Nayland Meadow
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Nayland with Wissington Conservation Society
Meadow Project


In March 2004, following an appeal for contributions, the Nayland with Wissington Conservation Society purchased 16.98 acres of land bordered to the north by the River Stour and to the south by a strip of land owned by Bunting & Sons adjacent to Horkesley Road.

The Nayland with Wissington Land Company Limited, now a registered charity, was formed to own and manage this water meadow in perpetuity. The sum of £65,000 was raised to purchase this land and grateful thanks are due to the more than ninety individuals and organisations who supported the appeal. 

The fishing, which now belongs to the Land Company, has been made exclusively available to all residents of the parish of Nayland and Wiston. 

Arable Reversion
After discussion it was decided that the land should revert to grassland under the Defra Suffolk River Valleys Enrivonmentally Sensitive Areas Scheme. This involved seeding with a suitable grass/conservation mix. Since this has become established a local grazier puts his sheep on the meadow between March and November.

Grants for fencing the land, on the inside of the public footpath, were obtained from Defra and the Suffolk Environmental Trust assisted by Babergh District Council, who also funded a small area of planting as shown on the plan.

In November 2005 two classes from Nayland Primary School helped plant the young trees, directed by Peter Ennis of the Dedham Vale Project.

Pond Scheme
The Environment Agency approached us with a view to creating a permanent wetland habitat and pond. This “back water” habitat is identified by the Environment Agency as important for maintaining fish stocks.

Planning permission was granted for this work, which was completed in early 2005.  

The shallow pond is linked to the River Stour by a short channel (culvert beneath the footpath) and surrounded by reedbeds. (Plants sourced locally.)

The Dedham Vale and Stour Valley Project were involved in habitat improvement work.  To compensate for the loss of flood plain capacity a shallow scrape was created on the opposite side of the meadow (beside the weir). The spoil was used to widen the footpath along the riverbank but not to raise it.

This £30,000 scheme was jointly funded by Defra and the Environment Agency at no cost to us. Maintenance is carried out by the EA assisted by the Dedham Vale Project, our contractor and local volunteers.

Meadow Plan
Click for larger plan of the meadow or
Click for 2005 Press release (pdf 493Kb)

Meadow February 2005
February 2005 - click for larger image

Meadow March 2005
March 2005 - click for larger image
Meadow Sheep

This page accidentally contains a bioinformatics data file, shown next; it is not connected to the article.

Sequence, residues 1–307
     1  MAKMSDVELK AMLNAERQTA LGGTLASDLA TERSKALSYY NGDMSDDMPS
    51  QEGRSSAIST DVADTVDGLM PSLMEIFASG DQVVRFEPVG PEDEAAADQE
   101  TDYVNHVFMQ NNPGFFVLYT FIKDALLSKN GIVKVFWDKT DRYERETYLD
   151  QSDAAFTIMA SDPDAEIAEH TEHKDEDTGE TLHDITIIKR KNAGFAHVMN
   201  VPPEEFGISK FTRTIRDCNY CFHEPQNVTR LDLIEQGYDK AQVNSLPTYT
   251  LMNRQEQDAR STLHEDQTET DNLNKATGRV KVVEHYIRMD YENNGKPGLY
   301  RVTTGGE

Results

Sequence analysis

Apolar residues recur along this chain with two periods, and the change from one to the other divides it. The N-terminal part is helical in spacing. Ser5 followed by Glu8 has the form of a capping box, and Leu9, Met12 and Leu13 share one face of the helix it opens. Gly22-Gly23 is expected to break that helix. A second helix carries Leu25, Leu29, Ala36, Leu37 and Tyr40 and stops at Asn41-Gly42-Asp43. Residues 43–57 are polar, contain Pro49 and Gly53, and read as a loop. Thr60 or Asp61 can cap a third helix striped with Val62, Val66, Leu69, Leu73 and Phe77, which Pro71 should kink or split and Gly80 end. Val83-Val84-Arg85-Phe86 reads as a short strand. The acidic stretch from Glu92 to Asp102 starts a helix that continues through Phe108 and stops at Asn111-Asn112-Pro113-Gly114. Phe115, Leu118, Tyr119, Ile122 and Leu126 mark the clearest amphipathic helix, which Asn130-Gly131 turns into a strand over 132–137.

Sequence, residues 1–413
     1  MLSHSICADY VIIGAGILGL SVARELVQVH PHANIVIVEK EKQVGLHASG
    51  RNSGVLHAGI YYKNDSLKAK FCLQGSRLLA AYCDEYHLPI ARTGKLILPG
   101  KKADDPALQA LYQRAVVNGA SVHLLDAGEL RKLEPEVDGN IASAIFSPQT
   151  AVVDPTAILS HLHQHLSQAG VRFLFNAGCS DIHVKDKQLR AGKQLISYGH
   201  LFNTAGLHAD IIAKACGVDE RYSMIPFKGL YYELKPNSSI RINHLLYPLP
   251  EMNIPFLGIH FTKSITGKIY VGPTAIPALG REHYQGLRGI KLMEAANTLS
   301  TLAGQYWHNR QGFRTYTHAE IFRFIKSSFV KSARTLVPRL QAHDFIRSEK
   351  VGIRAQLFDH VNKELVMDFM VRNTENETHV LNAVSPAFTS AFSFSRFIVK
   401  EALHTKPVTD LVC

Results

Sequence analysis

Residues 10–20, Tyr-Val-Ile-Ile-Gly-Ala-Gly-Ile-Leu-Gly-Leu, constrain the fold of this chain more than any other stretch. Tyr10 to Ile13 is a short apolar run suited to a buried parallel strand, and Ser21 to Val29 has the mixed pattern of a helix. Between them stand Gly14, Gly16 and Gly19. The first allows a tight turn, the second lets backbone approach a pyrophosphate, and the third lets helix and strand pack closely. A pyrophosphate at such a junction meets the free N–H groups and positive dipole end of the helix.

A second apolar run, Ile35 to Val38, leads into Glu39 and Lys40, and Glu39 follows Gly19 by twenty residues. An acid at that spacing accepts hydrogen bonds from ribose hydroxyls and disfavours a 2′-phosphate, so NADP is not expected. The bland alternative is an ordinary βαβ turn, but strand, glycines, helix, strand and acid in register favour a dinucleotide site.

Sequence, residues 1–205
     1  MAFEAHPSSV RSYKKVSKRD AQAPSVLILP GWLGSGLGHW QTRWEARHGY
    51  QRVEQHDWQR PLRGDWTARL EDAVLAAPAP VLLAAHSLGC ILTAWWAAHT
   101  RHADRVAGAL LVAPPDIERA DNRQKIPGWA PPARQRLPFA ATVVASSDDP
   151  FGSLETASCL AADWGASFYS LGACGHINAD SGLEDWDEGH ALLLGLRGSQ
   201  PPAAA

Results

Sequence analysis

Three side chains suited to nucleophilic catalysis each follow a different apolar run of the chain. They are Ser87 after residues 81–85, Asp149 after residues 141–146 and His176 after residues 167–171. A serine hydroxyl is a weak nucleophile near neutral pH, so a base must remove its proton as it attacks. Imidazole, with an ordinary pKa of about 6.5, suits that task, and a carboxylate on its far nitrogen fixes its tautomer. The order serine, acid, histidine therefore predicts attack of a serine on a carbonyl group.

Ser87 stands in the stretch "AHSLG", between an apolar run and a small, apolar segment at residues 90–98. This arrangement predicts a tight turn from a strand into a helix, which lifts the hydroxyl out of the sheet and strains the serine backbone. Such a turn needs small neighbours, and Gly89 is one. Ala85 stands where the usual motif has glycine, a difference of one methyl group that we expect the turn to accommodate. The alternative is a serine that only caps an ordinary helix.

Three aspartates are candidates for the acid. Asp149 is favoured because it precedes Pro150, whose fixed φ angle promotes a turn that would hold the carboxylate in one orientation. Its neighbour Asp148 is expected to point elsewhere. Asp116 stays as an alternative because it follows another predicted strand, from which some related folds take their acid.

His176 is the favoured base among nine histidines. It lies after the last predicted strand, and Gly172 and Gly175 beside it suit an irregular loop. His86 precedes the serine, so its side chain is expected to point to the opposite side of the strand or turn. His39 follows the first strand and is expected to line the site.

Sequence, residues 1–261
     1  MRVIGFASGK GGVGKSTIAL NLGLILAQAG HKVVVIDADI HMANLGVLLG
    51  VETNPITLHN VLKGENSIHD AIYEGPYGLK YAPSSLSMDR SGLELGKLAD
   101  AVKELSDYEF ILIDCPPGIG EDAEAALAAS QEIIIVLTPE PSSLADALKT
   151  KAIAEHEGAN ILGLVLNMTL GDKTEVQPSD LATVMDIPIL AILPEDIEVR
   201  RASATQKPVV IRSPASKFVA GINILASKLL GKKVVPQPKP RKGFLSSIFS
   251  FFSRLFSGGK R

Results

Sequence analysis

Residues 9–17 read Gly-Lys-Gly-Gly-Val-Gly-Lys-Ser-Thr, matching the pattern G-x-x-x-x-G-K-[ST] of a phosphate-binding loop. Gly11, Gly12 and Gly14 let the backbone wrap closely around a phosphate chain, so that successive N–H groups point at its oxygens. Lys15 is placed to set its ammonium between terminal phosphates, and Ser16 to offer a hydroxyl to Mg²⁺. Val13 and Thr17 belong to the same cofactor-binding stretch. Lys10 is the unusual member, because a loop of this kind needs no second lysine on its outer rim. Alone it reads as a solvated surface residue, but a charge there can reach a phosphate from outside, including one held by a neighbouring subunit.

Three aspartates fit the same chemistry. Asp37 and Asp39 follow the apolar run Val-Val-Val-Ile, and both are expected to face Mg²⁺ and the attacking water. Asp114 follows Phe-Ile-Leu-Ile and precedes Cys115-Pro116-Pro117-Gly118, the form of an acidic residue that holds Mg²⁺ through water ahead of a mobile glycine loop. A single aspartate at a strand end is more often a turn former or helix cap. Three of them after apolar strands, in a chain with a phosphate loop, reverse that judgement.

Sheep were introduced in August 2005 - click for larger image
Tree Planting 2005
November 2005 Tree Planting - click for larger image
Meadow Sheep
Sheep continue to graze the meadow - click for larger image
Wild Flowers
Wild flowers have established - click for larger image


Annual maintenance of the wildflower belt involves cutting and removing the dead grass and plants in the autumn.  This helps to remove nutrients from the soil which in turn weakens the grass while improving conditions for wildflower seed germinations.

The piled up cuttings in turn create a suitable overwintering habitat for small mammals and grass snakes.

In 2010 the Environment Agency cleared a quantity of reeds from the river near the Nayland Weir and Mill Lade, the spoil of which was deposited on the meadow.  By the autumn this had mostly reduced and the flood catchment area was re-instated.


Wildflower Cut
The annual cut of the wildflower belt taking place at the beginning of October 2011

Meadow footpath cutting

Members were asked to let the Hon. Secretary know when the public footpath beside the river gets overgrown, so that it can be cut by our contractor.   This might help to stop people using an unofficial track beside the fence which is damaging the wildflower belt and which was mistakenly cut by Suffolk County Council recently.



First Otter sighting on the Nayland Meadow Pond
November 2013

Rob Dryden (Technical Specialist, Environment Agency) has sent this wonderful photograph and writes:

I spent a happy ten minutes watching the otter fish (very secretively). At one point a trail of bubbles came right across the pond towards me, the otter continued under the floating blanket weed fringe to the pond, and then was rustling around in the vegetation at the edge of the pond, less than 10m from me but infuriatingly completely hidden from view. I think it might have exited the pond via the (underwater) pipes that connect the pond to the river.

This was the third living otter that I’ve seen in the Stour in the last two years.

Click to view full image (pdf 198Kb)

Otter Sighting
Lady's Smock Fencing Maintenance
March 2014

Sean Norfolk and his assistant started work yesterday (April 9th) replacing rotten poles and broken wire fencing on Nayland Meadow.

It is 10 years since the Land Company acquired the land and the fencing is consequently in need of repair.  The sheep will be put out on the Meadow very shortly and it is good to know that the fencing will be secure.

The cowslips are making a good show this year and a couple of stems of Lady's Smock or Cuckoo Flower (cardamine pratensis) were also spotted amongst the dandelions.

Wild Flowers
July 2014

The Nayland Meadow wildflower belt is looking stunning this year, with a splendid show of wildflowers and a huge number of butterflies and insects enjoying the varied habitat.

Wild Flowers Wild Flowers